How To Tame A Wild Fireman(3)

By: Jennifer Bernard

“Always a relative term when it comes to him,” Sabina grumbled as she followed the general flow of movement.

Captain Brody stepped out of his office, where he’d been trying to distract himself from the imminent birth of his baby with a pile of paperwork. He took in the madness, a faint frown creasing his forehead. “What the hell is this all about?”

“Psycho’s got an excavator!” Fred shouted. “He’s in the backyard.”

The captain looked at Sabina, who shrugged. “You got me, Cap. I heard all the shouting and came running.”

Vader picked up the intercom through which firefighters made general announcements about such things as dinner and handball matches. “Attention, everyone. If anyone’s missing a sweet piece of heavy equipment, you might want to check the backyard. She weighs two tons, she’s painted bright yellow, and she’s a hot little piece of machinery.”

“Get off that thing, Vader,” snapped Captain Brody.

“For more updates, stay tuned to your local channel,” Vader intoned, then quickly dropped the mic at a glare from Brody.

“Vader, go out there and find out what’s going on.” He’d go himself, but these days he liked to stay as close as possible to a phone—to two phones, in case his cell decided to drop reception.

“Jones, when’s the last time you saw Psycho?”

Sabina rolled her turquoise eyes toward the ceiling. “To tell you the truth, Cap, I try to block it out when I see him. Anyway, he’s off shift today.”

He fixed her with a stern stare. “Anything I should know?” All his crew members knew what that meant. He liked to stay out of firehouse drama until his presence was absolutely necessary.

She shrugged. “It’s a heat wave. Everyone’s going a little nuts. And Psycho’s Psycho. What more do you need to know?”

Brody groaned. The brass had begged him to fill in temporarily at his old position until they could settle on the perfect replacement. The authoritative and powerful Chief Roman had recently left, after becoming engaged to Sabina, and his shoes were hard to fill. Brody had warned them that he’d be taking paternity leave as soon as Melissa went into labor. But it wasn’t happening yet, so Psycho’s latest adventure would be his problem to solve.

“Stan,” he muttered to the firehouse mutt, a beagle mix who sat patiently by his right ankle. “What am I going to do with him? He’s liable to blow this place up.”

Stan gave him a wise look, but kept whatever insight he had to himself.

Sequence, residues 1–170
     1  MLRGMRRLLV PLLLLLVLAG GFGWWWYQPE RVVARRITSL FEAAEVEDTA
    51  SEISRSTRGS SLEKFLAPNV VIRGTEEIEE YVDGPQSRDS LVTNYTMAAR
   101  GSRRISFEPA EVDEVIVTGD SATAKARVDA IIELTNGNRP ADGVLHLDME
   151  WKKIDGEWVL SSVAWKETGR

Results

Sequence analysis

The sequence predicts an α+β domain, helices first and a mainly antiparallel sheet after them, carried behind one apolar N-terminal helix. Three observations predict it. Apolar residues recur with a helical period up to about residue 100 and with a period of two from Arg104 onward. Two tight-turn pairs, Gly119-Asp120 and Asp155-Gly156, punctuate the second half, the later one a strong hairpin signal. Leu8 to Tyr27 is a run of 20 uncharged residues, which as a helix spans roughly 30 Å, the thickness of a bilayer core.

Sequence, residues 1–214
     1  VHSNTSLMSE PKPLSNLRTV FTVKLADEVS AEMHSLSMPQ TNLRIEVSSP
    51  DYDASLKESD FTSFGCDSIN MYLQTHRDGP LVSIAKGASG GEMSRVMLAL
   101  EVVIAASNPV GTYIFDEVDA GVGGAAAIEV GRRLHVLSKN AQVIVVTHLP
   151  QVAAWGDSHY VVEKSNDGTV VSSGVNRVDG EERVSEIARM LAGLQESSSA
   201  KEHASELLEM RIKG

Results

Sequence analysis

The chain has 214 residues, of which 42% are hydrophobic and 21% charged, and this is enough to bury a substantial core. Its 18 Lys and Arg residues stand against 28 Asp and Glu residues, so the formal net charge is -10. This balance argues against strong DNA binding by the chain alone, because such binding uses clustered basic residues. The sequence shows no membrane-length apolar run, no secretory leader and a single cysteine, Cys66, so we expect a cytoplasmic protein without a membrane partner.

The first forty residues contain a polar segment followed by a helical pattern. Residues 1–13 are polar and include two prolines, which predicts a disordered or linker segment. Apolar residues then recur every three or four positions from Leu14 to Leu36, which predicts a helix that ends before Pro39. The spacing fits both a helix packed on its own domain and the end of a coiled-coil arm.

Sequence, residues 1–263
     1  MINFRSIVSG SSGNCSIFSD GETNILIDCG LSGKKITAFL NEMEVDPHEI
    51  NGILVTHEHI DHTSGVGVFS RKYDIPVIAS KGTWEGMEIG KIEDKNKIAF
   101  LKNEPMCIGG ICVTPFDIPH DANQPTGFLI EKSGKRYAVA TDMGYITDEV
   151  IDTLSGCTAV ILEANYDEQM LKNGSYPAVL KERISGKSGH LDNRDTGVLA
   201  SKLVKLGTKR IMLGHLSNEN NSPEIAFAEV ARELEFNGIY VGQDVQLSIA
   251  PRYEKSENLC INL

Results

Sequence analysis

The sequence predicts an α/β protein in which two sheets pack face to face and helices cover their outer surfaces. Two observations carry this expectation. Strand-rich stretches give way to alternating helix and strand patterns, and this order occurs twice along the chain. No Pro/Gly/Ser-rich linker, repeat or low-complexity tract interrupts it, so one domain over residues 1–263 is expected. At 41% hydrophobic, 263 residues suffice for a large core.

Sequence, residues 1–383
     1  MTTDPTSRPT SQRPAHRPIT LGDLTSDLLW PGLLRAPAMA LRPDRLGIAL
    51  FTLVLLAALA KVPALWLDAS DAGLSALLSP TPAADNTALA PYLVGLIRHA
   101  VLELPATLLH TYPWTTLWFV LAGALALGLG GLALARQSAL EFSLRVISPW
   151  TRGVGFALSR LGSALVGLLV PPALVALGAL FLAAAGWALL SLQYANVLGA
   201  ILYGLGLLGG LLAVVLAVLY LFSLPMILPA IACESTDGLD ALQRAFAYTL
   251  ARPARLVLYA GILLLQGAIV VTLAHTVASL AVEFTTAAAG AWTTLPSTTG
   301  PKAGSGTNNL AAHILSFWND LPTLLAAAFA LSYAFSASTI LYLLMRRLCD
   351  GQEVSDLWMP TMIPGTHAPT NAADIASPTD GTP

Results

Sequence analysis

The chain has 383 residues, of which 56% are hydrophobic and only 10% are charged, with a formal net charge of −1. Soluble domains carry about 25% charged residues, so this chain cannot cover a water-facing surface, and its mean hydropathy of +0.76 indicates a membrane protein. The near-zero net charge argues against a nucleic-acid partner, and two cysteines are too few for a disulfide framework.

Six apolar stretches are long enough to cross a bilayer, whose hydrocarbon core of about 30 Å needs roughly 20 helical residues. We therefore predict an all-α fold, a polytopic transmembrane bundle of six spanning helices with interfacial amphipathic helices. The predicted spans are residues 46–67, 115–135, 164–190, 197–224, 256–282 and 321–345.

“Fine.” Brody checked to make sure his cell phone was on, stuck it in his pocket, and strode out to the backyard to see what havoc Patrick Callahan IV was wreaking now.

In the cab of the excavator, Patrick took another long slug of vodka-spiked Arizona iced tea and sang the words to “Once, Twice, Three Times a Lady” as he lowered the bucket toward the crackling dry grass of the back lawn. He didn’t ever drink on the job, but he happened to be off shift at the moment, as he’d switched with Brent on the A shift.

Alcohol wasn’t permitted on the premises, but then again, he wasn’t technically on the premises. The way he looked at it, he was a couple yards over the premises.

And the premises weren’t much to speak of. It hadn’t rained in eight months and temperatures had been stuck over 100 for the past two weeks. The grass was probably dead. For sure, no one would miss it.

“She’s once . . . twice . . .” He hooted at the top of his lungs. Why couldn’t he remember more than that one line? He scowled at the bottle of iced tea. Too much poison. He really had to straighten out one of these days. As soon as he got this thing dug, he’d do it.

New leaf. A new life. A clean, relaxed new life.

Vader appeared in front of the excavator, waving his arms over his head.

Patrick stomped on the brake and the machine lurched to a halt. He leaned out and shouted over the noise of the idling engine. “What’s the rest of the words after ‘Once, twice, three times a lady’?”

Vader cupped a hand behind his ear. “What?”

“Once. Twice. Three times a lady. What comes next?”

Vader’s forehead creased in thought. He sang the tune, tracing the rise and fall of the notes in the air. “La la la la la . . .”

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